A bit like the Mounties we always get a CD reviewed, even if the sounds of the launch party and the promotional tour are long forgotten. We’ve got all Scott Matthews’ CDs — one we even bought — and always found him a little frustrating. Clearly a talented songwriter, he always seemed to hide his talent under a slushel, a word we just made up but it means a slow bushel. On paper he always looked interesting, on CD it never quite matched up; it’s all a bit too slow.
He has his diehard fans who probably say it’s meaningful and intense, and he’s had record company issues that have slowed him down, but he’s never hit the big time; several albums in, he’s still playing clubs. It can’t just be us finds it a little slow in places.
This album is much better, but he’s still not hit peak Matthews. It’s more interesting and meaty, somewhere between classic Laurel Canyon singer-songwriter and the soundtrack to a soppy movie set in Portland, Oregon. In places his voice sounds a bit Rufus Wainwright.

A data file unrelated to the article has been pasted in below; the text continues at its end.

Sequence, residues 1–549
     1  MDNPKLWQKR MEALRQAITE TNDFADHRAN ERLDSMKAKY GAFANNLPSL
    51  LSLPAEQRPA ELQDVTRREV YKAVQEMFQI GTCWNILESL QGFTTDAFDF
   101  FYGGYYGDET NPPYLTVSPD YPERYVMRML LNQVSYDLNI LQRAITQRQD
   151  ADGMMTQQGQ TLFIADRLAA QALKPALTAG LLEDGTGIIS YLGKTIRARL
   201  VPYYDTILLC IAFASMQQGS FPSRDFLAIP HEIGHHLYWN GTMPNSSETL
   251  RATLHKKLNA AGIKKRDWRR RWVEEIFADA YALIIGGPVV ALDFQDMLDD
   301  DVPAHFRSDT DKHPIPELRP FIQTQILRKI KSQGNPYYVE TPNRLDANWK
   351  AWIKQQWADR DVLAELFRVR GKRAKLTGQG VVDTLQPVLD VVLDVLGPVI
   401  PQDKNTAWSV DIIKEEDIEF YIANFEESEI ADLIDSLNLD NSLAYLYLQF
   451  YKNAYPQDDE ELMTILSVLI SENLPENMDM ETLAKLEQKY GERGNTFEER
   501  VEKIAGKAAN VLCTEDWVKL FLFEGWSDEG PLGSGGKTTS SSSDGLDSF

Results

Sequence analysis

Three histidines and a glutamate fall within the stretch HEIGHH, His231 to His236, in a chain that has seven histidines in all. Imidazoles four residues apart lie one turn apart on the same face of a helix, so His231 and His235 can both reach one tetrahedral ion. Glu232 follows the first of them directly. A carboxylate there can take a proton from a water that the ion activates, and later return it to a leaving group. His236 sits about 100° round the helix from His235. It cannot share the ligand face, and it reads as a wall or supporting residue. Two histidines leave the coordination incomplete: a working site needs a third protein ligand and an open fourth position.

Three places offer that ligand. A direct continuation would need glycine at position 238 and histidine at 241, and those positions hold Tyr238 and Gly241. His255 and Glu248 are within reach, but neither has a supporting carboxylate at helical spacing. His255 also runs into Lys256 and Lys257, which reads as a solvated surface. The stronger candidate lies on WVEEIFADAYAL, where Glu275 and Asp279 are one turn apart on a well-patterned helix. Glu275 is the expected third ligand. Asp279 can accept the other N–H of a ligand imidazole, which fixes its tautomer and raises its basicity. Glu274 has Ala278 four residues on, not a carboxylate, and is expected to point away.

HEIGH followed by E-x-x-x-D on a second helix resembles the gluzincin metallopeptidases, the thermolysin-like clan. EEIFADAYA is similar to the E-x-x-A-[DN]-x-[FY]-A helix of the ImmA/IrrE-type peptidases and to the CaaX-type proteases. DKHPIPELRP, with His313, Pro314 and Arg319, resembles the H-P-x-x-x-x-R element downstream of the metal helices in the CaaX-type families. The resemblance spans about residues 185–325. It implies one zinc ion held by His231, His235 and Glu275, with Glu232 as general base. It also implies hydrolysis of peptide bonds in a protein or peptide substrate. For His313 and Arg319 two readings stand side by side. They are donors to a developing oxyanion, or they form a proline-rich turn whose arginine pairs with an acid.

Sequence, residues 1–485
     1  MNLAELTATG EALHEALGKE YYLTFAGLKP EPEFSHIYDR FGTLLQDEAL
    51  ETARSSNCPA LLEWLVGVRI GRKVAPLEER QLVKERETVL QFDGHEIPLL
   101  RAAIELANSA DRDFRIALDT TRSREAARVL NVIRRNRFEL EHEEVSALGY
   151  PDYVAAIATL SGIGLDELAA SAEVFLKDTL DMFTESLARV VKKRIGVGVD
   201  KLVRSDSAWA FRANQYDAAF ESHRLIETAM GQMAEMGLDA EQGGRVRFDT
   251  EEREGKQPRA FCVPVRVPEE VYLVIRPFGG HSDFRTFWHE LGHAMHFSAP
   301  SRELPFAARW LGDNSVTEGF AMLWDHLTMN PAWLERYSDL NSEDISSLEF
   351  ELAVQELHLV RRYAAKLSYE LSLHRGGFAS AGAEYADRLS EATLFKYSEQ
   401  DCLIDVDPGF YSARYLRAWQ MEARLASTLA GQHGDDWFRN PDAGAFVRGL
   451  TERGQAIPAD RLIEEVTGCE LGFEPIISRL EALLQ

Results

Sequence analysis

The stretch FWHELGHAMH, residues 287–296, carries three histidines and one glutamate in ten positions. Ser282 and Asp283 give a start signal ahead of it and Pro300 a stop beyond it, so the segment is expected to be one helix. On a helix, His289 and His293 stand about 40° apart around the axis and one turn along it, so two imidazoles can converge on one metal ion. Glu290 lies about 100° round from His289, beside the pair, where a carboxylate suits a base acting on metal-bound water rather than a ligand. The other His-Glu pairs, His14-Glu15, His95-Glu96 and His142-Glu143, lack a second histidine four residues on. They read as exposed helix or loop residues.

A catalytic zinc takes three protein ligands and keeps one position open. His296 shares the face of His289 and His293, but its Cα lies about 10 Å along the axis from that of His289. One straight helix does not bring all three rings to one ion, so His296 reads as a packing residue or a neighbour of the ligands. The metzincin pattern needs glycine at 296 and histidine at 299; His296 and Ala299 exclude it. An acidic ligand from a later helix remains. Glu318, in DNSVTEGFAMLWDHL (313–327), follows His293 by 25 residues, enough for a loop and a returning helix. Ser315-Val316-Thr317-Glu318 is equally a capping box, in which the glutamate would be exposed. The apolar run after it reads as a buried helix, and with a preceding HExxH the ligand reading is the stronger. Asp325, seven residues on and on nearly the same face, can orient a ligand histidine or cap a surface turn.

Opener Drifter is good, an upbeat acoustic song that’s a bit CSNY / Bread, with interesting instrumentation. The Rush is pure rootsy Americana; Black Country Boy suggests an interesting blues song is on its way but it’s only an interlude.
Stay In Bed is one of the slower acoustic songs that manages to sound mystical and is followed by Guardians Of Sleep, which picks up where Stay In Bed leaves, but speeds up. This turn of pace continues into The Lantern Flower, one of the standouts, though the flute at the end could turn you either way.
He’s still a bit slow in places (Where I Long To Be, Two Entwined) but fans will regard this as depth. The lyrics are as close to poems as songs get. The Rush opens “My procession of emotions / Walk with me hand in hand / There’s a nervous commotion as I reach out my hand.”